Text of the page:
2009 Michigan Tech Research Magazine
A pristine coastline paints a beautiful picture but requires freshwater management and coastal research. Otherwise, global climate change, invasion of plant and animal species, and the effects of man will paint a different picture for future generations. Michigan Tech researchers are environmentally conscious and making positive changes in the world now, so the next generation of researchers can make even greater improvements to our planet in the future.
Within these worthwhile endeavors, artistic creativity and inspired research require vision and the desire to make a difference in the world. At Michigan Tech, we foster an atmosphere that promotes sustainable research and creative approaches to difficult environmental and human issues.
Our researchers and students are tackling though problems such as global health concerns, hazards like volcanoes or ballast water, and the plight of the transportation infrastructure.
All academic disciplines are making great strides on campus. Our students are exposed to the creativity of the arts, the wonder of science and engineering, and much more as they create the future and change the world.
David D. Reed
Vice President for Research
by Jennifer Donovan
Was it the gales of November that sank the Edmund Fitzgerald? Was it faulty hatch covers, as the US Coast Guard claimed? Or ballast tank damage caused by bottoming on Six Fathom Shoal, as the Lake Carriers Association believed?
Contention continues, as it has since the 26,000-ton freighter took its crew of twenty-nine to a watery grave at the bottom of Lake Superior on November 10, 1975. But soon, in a fifty-foot wave tank that will be affiliated with the new Upper Great Lakes Laboratory (UGLL), scientists may finally be able to determine what actually caused the fabled shipwreck.
The wave tank allows for waves to be generated, modified, tested, and studied. With what they learn there, Civil and Environmental Engineering Associate
Professor Brian Barkdoll and colleagues may be able to definitively determine the cause of the sinking of the Fitzgerald. Perhaps the culprit will turn out to be a rogue wave—like the “Three Sisters Phenomenon”—a series of three waves following in quick succession, the first disabling the ship and the next two striking fatal blows before she has recovered from the first. Or perhaps something stranger, a mystery not yet imagined.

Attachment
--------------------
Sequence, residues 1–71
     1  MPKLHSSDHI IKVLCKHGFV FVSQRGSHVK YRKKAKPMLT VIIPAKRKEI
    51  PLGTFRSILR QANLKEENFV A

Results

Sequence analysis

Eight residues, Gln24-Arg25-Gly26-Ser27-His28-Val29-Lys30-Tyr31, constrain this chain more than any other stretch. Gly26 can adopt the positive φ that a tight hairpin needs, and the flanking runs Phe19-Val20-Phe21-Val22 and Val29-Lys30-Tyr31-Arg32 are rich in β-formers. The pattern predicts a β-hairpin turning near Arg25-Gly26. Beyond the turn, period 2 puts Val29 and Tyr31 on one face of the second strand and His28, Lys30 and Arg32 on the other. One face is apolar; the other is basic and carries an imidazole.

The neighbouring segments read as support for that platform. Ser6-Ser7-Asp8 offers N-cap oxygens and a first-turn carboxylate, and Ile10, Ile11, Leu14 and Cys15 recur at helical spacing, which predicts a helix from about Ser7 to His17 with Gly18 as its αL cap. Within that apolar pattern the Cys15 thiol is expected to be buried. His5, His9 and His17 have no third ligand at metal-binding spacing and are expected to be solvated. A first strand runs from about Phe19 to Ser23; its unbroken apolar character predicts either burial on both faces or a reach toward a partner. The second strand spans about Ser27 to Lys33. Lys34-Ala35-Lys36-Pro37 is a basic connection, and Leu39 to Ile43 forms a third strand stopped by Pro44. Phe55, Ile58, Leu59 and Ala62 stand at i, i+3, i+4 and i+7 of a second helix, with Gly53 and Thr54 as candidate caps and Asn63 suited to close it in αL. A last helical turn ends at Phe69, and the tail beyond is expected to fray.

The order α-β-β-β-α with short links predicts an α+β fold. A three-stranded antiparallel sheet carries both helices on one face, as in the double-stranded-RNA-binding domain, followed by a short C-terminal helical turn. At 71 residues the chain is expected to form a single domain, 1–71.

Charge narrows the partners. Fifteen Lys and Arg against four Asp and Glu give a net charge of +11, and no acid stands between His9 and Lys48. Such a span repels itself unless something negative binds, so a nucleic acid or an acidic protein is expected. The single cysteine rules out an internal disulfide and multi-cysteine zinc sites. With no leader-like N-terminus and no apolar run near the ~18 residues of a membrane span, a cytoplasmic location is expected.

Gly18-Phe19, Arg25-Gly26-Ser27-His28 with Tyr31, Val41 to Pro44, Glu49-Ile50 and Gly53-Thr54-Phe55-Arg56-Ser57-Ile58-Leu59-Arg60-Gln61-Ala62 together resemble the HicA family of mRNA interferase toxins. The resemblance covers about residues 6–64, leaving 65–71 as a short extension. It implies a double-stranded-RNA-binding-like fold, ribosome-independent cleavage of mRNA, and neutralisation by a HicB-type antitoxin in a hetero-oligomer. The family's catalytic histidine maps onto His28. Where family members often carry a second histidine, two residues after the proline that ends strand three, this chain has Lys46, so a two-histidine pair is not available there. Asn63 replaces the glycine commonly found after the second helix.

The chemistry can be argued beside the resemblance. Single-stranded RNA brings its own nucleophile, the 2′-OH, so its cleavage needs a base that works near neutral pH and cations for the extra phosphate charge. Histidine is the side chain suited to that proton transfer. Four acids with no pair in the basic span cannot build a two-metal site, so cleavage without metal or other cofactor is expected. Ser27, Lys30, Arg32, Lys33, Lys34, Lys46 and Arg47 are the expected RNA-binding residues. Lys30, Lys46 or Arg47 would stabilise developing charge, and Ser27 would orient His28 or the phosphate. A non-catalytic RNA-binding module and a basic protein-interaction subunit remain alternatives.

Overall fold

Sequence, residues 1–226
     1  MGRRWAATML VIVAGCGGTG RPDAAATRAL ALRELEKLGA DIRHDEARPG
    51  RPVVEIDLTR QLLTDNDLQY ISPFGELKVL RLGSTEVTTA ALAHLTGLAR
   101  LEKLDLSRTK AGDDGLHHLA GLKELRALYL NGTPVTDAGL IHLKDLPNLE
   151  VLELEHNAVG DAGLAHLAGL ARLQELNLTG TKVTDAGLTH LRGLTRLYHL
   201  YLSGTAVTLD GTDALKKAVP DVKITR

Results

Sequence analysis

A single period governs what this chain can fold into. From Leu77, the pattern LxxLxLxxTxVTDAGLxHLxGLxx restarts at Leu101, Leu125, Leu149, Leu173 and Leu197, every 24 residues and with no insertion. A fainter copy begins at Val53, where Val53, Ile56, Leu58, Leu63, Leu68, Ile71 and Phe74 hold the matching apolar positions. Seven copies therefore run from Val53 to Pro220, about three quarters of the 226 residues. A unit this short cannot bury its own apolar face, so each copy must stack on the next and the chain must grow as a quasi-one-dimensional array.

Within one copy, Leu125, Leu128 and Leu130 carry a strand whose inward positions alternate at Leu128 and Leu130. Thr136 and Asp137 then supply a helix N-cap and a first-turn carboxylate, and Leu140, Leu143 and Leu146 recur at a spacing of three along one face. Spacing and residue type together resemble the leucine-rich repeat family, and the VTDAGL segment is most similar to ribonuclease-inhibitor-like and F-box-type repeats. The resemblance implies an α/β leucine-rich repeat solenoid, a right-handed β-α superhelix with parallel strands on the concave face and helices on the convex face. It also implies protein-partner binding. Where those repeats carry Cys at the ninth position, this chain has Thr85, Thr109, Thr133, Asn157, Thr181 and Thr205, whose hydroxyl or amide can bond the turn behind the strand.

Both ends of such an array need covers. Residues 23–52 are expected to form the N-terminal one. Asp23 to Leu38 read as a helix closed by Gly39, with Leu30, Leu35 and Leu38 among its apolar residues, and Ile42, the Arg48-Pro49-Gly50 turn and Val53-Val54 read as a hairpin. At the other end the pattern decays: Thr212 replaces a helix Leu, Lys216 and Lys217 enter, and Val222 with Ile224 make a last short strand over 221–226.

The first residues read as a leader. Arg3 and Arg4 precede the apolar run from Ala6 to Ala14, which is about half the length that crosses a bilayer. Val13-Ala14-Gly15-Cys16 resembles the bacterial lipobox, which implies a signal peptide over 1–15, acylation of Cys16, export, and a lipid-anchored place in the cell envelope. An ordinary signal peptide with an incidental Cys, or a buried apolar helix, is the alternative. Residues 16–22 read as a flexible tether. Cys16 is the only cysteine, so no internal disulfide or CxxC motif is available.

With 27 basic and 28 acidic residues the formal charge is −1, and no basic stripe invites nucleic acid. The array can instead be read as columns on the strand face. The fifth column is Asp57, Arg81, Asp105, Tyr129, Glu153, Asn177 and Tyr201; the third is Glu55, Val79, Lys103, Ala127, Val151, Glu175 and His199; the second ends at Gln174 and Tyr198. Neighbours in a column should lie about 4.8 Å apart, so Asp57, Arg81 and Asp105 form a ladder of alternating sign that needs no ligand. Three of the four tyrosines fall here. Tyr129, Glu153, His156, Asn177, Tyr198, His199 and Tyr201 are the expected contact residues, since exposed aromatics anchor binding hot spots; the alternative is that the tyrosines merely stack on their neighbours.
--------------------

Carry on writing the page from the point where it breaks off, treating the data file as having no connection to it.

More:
by Dennis Walikainen
The teacher in Mary Ann Beckwith emerges as she works in her sun-lit studio on a sunny, chilly December day. The award-winning watercolor artist discusses technique and Tech students.
“The students are bright, motivated, and willing to try most of the things I teach,” she says. “Once they learn that failure is sometimes the result in a creative project and that they can make the next results better, they soar.”
The professor of art has won the Distinguished Teaching Award at Michigan Tech, and her paintings have garnered acclaim across the nation.
by Marcia Goodrich
For David Hand, the line between work and play is as thin as monofilament. This is evident from the trophy lake trout on his office wall and in the passion that charges his voice when he talks about a deadly threat to his beloved Lake Superior fishery.
Since 2003, viral hemorrhagic septicemia (VHS) has caused massive die-offs of fish species ranging from walleyes to salmon in all of the Great Lakes—except Superior. Infected fish die from internal bleeding and often have open sores and bruised-looking, reddish tints on their skin.
The virus that causes VHS is just one of dozens of exotic species that have invaded the Great Lakes since the St. Lawrence Seaway opened in 1959, bringing boats, trade, and money, not to mention parasitic sea lampreys and the like, to the heretofore landlocked Midwest.
by Marcia Goodrich
A team of Michigan Tech researchers is harnessing the computing muscle behind video games to understand the most intricate of real-life systems.
Led by Roshan D'Souza, the group has supercharged agent-based modeling, a powerful but computationally massive forecasting technique, by using graphic processing units (GPUs), which drive the spectacular imagery beloved of video gamers. In particular, the team aims to model complex biological systems, such as the human immune response to a tuberculosis bacterium.
On a computer monitor, a swarm of bright green immune cells surrounds and contains a yellow TB germ. These busy specks look like 3-D animations from a PBS documentary, but they are actually virtual T-cells and macrophages, the result of millions of real-time calculations.
by John Gagnon
David Watkins says an Upper Michigan deer camp and a small village in Africa have something in common: the need for rudimentary sanitation in the form of an outhouse or latrine.
Further, Watkins says, that basic technology is appropriate for the circumstance. It is inexpensive; it doesn't rely on scarce water resources; and it can be easier on the environment.
"We don't have to look at sewers and flush toilets as the world standard," he says. "In rural areas, latrines are the way to go."
Watkins, an associate professor in civil and environmental engineering; Lauren Fry, a PhD student in environmental engineering; and former Tech professor Jim Mihelcic, now . . .